Burma

Three Activists Charged for Unlawful Assembly Over Karen Martyrs’ Day Event in Myanmar

By Zaw Zaw Htwe 13 August 2020

YANGON—Two Karen men and one Burmese woman were charged Wednesday by police under the Peaceful Assembly and Peaceful Procession Law for holding an event to mark the 70th Karen Martyrs’ Day in Yangon.

The death of Karen revolutionary leader Saw Ba U Gyi, who was murdered on Aug. 12, 1950, is commemorated annually as Karen Martyrs’ Day. Saw Ba U Gyi founded the Karen National Union (KNU), one of Myanmar’s prominent ethnic armed groups.

On Wednesday morning, Kyauktada Township police detained two Karen activists—Sa Thein Zaw Min and Saw Hser Kwar Lar—during a commemoration of Karen Martyrs’ Day in the center of Yangon near Maha Bandula Park.

On Monday, authorities in the township denied the Karen organizers’ request for permission to hold the Karen Martyrs’ Day event, citing COVID-19 restrictions. Mass gatherings are banned in Myanmar under the government’s COVID-19-related restrictions.

On Wednesday, police also arrested Burmese activist Daw Sein Htwe, who attended the 70th Karen Martyrs’ Day event, for allegedly absconding from a lawsuit brought against her under the Unlawful Assembly Law last year.

On Wednesday evening, the two Karen activists—Sa Thein Zaw Min and Saw Hser Kwar Lar—were released after police opened lawsuits against them under Article 20 of the Peaceful Assembly and Peaceful Procession Law, according to Naw Ohn Hla, chair of the Karen Women’s Union (KWU).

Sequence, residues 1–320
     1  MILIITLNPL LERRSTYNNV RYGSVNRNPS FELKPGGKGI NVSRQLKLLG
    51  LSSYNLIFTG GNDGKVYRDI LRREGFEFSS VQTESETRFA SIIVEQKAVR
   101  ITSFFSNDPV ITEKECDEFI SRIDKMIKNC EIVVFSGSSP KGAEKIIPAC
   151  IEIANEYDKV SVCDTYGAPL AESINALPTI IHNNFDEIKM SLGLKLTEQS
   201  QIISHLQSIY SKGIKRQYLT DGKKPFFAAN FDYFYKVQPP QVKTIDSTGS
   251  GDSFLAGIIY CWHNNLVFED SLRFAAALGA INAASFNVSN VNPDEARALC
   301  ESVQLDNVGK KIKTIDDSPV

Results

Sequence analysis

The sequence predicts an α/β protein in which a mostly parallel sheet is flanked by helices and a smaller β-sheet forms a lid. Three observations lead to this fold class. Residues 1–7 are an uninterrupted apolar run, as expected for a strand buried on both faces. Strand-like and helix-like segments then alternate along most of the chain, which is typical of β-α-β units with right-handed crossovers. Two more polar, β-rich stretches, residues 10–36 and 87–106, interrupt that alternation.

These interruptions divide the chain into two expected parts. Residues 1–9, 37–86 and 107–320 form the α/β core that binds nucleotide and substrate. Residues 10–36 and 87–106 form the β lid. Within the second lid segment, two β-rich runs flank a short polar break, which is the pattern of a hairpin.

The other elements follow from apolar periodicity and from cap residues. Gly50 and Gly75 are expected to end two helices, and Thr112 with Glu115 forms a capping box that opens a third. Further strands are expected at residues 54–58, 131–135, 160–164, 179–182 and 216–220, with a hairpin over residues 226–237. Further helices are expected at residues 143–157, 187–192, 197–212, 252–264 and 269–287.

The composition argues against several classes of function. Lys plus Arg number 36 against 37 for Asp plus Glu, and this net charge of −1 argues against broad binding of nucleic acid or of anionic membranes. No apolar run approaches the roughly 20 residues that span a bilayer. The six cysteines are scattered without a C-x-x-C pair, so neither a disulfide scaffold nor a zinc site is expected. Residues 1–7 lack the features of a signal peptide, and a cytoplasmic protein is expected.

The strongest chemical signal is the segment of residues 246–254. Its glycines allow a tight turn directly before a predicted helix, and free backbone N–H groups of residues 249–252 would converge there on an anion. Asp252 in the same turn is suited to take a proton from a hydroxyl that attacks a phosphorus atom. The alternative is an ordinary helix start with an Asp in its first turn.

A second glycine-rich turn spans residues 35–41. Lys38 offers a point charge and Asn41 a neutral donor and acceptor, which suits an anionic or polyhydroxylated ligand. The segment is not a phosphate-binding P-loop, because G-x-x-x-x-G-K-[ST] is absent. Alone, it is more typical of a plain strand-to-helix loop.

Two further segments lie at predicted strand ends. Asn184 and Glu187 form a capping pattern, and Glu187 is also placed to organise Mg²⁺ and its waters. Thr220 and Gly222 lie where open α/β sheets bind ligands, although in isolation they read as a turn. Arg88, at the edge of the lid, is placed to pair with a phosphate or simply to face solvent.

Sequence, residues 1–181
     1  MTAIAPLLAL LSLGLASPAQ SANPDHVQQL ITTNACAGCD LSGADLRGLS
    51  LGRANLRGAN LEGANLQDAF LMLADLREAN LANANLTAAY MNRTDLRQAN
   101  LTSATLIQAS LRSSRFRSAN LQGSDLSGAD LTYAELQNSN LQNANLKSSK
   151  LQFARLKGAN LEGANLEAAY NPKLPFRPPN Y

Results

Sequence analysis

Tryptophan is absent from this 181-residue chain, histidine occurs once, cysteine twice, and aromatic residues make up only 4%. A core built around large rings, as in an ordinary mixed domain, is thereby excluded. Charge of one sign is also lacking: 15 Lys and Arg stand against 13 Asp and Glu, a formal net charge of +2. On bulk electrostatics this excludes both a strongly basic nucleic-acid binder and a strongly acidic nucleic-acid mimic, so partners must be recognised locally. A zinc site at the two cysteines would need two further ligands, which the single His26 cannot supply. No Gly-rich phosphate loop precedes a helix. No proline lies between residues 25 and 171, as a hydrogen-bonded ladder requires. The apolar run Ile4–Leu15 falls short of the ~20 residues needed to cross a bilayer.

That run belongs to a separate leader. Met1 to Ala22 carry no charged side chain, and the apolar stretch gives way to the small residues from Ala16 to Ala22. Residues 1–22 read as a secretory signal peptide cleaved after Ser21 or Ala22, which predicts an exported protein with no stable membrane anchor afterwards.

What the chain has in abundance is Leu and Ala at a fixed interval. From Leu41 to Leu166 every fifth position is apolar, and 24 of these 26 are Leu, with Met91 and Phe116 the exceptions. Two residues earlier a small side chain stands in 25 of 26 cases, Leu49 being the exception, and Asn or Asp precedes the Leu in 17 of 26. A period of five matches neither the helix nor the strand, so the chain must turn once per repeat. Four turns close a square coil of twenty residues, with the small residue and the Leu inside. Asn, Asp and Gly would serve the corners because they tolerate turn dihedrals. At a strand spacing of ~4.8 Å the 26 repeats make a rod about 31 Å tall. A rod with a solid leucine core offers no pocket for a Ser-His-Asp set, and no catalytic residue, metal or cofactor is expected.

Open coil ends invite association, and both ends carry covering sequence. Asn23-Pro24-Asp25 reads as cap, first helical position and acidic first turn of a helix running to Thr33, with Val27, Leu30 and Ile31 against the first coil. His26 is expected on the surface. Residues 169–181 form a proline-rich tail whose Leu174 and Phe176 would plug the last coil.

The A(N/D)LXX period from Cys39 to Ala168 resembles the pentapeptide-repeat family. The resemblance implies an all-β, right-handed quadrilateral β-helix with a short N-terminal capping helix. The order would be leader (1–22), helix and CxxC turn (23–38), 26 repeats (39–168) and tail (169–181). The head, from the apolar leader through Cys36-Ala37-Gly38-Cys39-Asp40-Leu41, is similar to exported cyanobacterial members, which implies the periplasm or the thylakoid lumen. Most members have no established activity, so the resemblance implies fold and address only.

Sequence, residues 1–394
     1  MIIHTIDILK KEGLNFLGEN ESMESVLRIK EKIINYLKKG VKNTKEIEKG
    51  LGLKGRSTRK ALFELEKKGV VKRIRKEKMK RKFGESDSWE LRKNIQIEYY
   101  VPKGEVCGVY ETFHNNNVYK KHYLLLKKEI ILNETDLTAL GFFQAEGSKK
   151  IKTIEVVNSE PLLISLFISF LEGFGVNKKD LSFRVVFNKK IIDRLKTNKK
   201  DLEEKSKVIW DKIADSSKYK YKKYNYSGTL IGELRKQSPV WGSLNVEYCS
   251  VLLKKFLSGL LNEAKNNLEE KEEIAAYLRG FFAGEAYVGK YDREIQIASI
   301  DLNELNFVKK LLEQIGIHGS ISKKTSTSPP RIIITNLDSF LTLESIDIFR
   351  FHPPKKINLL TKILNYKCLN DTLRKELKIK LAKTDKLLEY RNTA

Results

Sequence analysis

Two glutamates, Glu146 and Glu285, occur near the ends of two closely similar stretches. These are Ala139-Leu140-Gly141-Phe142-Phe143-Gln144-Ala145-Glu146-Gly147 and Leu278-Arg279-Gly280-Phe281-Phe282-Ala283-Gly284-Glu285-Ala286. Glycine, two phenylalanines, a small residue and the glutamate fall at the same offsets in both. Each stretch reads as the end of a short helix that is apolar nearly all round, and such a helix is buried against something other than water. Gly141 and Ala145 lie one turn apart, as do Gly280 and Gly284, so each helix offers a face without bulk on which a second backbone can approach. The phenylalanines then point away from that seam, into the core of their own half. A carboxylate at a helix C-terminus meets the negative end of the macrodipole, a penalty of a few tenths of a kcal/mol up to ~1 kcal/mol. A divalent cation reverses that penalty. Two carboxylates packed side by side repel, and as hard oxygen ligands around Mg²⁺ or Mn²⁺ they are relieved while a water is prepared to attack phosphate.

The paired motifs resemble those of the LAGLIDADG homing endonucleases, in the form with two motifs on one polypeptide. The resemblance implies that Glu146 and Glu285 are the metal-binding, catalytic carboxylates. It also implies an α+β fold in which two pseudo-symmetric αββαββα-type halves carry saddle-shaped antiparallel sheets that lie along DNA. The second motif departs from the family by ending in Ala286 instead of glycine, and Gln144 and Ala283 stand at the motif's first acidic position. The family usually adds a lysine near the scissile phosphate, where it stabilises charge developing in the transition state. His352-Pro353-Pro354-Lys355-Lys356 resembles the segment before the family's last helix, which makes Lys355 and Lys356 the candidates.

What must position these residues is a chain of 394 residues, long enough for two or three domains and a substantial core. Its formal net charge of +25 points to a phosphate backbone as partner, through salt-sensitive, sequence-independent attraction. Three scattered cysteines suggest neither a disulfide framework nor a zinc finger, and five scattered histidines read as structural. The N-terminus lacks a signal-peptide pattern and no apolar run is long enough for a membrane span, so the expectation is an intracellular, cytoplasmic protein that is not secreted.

Under Article 20, organizers of a gathering can face a maximum sentence of one month in prison and a fine of 10,000 kyats (US$7.31) for failing to properly inform township authorities about a gathering, including details on the kind of activities involved, slogans, speeches, places and times.

Police Colonel Myo Thet of the Kyauktada Police Force told The Irrawaddy on Thursday that police sued the two Karen activists for reading messages that were not mentioned in the letter about the event that they filed with authorities.

Under one of the terms of the Peaceful Assembly and Peaceful Procession Law, people who join an assembly “must not recite or shout chants other than the ones approved.”

On the same day, the Kyauktada Township Court sent Daw Sein Htwe to Insein Prison as she declined to request bail after being charged under Article 19 of the same law. Article 19 of the Peaceful Assembly and Peaceful Procession Law carries a maximum sentence of three months in jail and a 30,000 kyat fine (US$21.93) for violating any of over a dozen rules on how and when people may assemble.

This week’s arrests mirror a series of arrests that followed last year’s Karen Martyrs’ Day events in Yangon, after which Sa Thein Zaw Min was sentenced to 15 days in prison.

On Oct. 12, 2019, Kyauktada police opened unlawful assembly cases against Daw Sein Htwe and two other activists—Ma Zarchi Linn of the Democracy, Peace and Women (DPW) group and Naw Larshee Htoo of the KWU—for leading a rally in solidarity with three other Karen activists who had earlier been sentenced to 15 days in jail for holding a rally on the 69th Karen Martyrs’ Day in Yangon.

Karen activists Sa Thein Zaw Min, Saw Albert Cho and Daw Naw Ohn Hla, were sentenced to 15 days in prison by the Kyauktada Township Court on Oct. 2, 2019 for the 2019 Karen Martyrs’ Day gathering.

Police Colonel Myo Thet said that Daw Sein Htwe was sued on Wednesday under Article 19 of the Peaceful Assembly and Peaceful Precession Law for leading the solidarity rally last year without informing the township authorities.

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